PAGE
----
Lindsey Bishop Gutierrez teaches Sixth Grade World History at BASIS Tucson North. She received her B.A. in Anthropology at the University of Arizona, with a minor in Art History, summa cum laude in 2009. Before pursuing her Master's degree in Anthropology with an emphasis in North America Archaeology at Columbia University in New York (M.A. 2015), she held a number of positions related to her archaeological interests. For example, she assisted Dr. Emma Blake in UA’s School of Anthropology with mapping projects and a ceramics database for the Marsala Hinterlands Survey, and she was an Archaeology Technician at Apache-Sitgreaves National Forest in Lakeside, Arizona. After completing her graduate degree she took a job as a GIS Technician/Archaeologist for a contract archaeology firm in Tularosa, New Mexico. Ms Gutierrez began her teaching career as a Teaching Fellow at BASIS Tucson Primary, and then became a Subject Expert Teacher in World History at BASIS in 2017.
When asked what attracted her to become an Anthropology major at UA, she replied:
An Anthropology degree combined my love of analyzing social interactions with the cultural perspectives of people all over the world. I was enjoying Native American Art History at UA, but I wanted to know more about the beliefs, perspectives, and the way of life of the people living in these communities. Archaeological fieldwork opportunities offered by UA finally reeled me into Anthro as a major. I thought it was so wonderful that as an archaeologist I could combine observational data collection of science with social and cultural elements. I really cherish my experience as an Anthro major, and one of the most impactful courses I took was called Sense of Place, which combined outdoor field trips, archaeology, environmental, and geological observations of the Sonoran Desert.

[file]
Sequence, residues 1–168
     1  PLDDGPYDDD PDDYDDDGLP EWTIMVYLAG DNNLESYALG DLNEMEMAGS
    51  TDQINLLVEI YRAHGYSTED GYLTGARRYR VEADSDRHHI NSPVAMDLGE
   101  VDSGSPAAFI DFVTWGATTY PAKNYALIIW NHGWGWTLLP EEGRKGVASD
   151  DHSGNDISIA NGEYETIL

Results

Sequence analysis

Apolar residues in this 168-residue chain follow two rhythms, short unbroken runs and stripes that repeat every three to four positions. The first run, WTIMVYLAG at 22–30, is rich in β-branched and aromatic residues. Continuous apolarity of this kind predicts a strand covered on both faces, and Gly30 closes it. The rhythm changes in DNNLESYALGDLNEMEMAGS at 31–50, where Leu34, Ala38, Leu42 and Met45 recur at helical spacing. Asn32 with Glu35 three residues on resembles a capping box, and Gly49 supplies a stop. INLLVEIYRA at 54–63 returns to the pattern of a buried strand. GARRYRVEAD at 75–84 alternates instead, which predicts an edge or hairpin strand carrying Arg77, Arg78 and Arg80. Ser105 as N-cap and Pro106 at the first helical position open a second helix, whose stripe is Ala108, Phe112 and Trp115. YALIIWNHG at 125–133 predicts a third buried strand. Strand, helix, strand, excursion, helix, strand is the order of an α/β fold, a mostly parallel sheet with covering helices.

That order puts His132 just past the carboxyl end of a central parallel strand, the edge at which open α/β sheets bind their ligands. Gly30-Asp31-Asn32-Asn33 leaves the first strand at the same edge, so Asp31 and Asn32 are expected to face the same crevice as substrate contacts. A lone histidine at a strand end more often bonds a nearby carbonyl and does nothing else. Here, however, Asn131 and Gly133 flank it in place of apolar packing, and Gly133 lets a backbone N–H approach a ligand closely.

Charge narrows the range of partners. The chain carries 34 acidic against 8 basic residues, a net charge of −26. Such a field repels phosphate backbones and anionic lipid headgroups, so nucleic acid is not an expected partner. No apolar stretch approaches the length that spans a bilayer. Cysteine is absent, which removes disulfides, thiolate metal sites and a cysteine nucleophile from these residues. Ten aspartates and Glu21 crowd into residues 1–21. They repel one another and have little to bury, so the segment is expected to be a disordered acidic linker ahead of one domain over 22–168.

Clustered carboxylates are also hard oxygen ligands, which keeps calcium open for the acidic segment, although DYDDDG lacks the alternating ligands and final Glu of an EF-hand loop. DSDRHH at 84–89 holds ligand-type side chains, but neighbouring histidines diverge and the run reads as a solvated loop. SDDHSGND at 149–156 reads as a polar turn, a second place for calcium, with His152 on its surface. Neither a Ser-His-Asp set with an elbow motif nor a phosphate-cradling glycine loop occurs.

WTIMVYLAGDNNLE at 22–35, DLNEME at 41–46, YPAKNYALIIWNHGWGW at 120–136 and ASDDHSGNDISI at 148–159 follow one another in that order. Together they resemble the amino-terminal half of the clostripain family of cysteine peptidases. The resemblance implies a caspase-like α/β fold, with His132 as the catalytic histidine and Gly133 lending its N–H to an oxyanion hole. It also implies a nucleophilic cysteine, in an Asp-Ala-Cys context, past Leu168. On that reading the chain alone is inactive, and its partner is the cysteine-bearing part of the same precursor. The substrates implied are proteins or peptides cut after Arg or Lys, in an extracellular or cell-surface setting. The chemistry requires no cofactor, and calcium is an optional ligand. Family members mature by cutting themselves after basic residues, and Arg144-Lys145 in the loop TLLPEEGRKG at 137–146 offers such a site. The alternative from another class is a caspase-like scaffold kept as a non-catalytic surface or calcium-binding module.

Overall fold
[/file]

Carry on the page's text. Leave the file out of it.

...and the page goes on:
Ms. Gutierrez discussed the skills and knowledge she learned as an undergraduate Anthropology student that have been important to her in her present role as a history teacher:
The Anthro program at UA gave me a great foundation for my time at Columbia, where I was able to learn about the critical issues facing indigenous communities of the past and present. Because of UA and Columbia, I feel more equipped to help my students critically analyze the past. Primary sources are important in my classes, but I'm also excited to introduce students to the material cultural remains and the shifting perspectives and debates of historians themselves. Those core Anthro classes still help me teach everything from "prehistory" to a discussion of how the environment impacted a civilization. As a teacher, I feel very lucky to be able to provide future generations with a well-rounded approach to learning about the diverse cultures of the world.
Should undergraduate students study Anthropology? Ms Gutierrez replied:
Undergraduates who appreciate multifaceted approaches to learning will find Anthropology very useful because it's so versatile and can be crafted to specific interests and future careers so easily. I was interested in Native American culture at UA and that led me to join an archaeological dig in Alaska, record shrine networks near Taos, NM, and create GIS maps for a private archaeology firm. For me, it was the most fascinating degree option with the maximum potential for exploring new places and skills.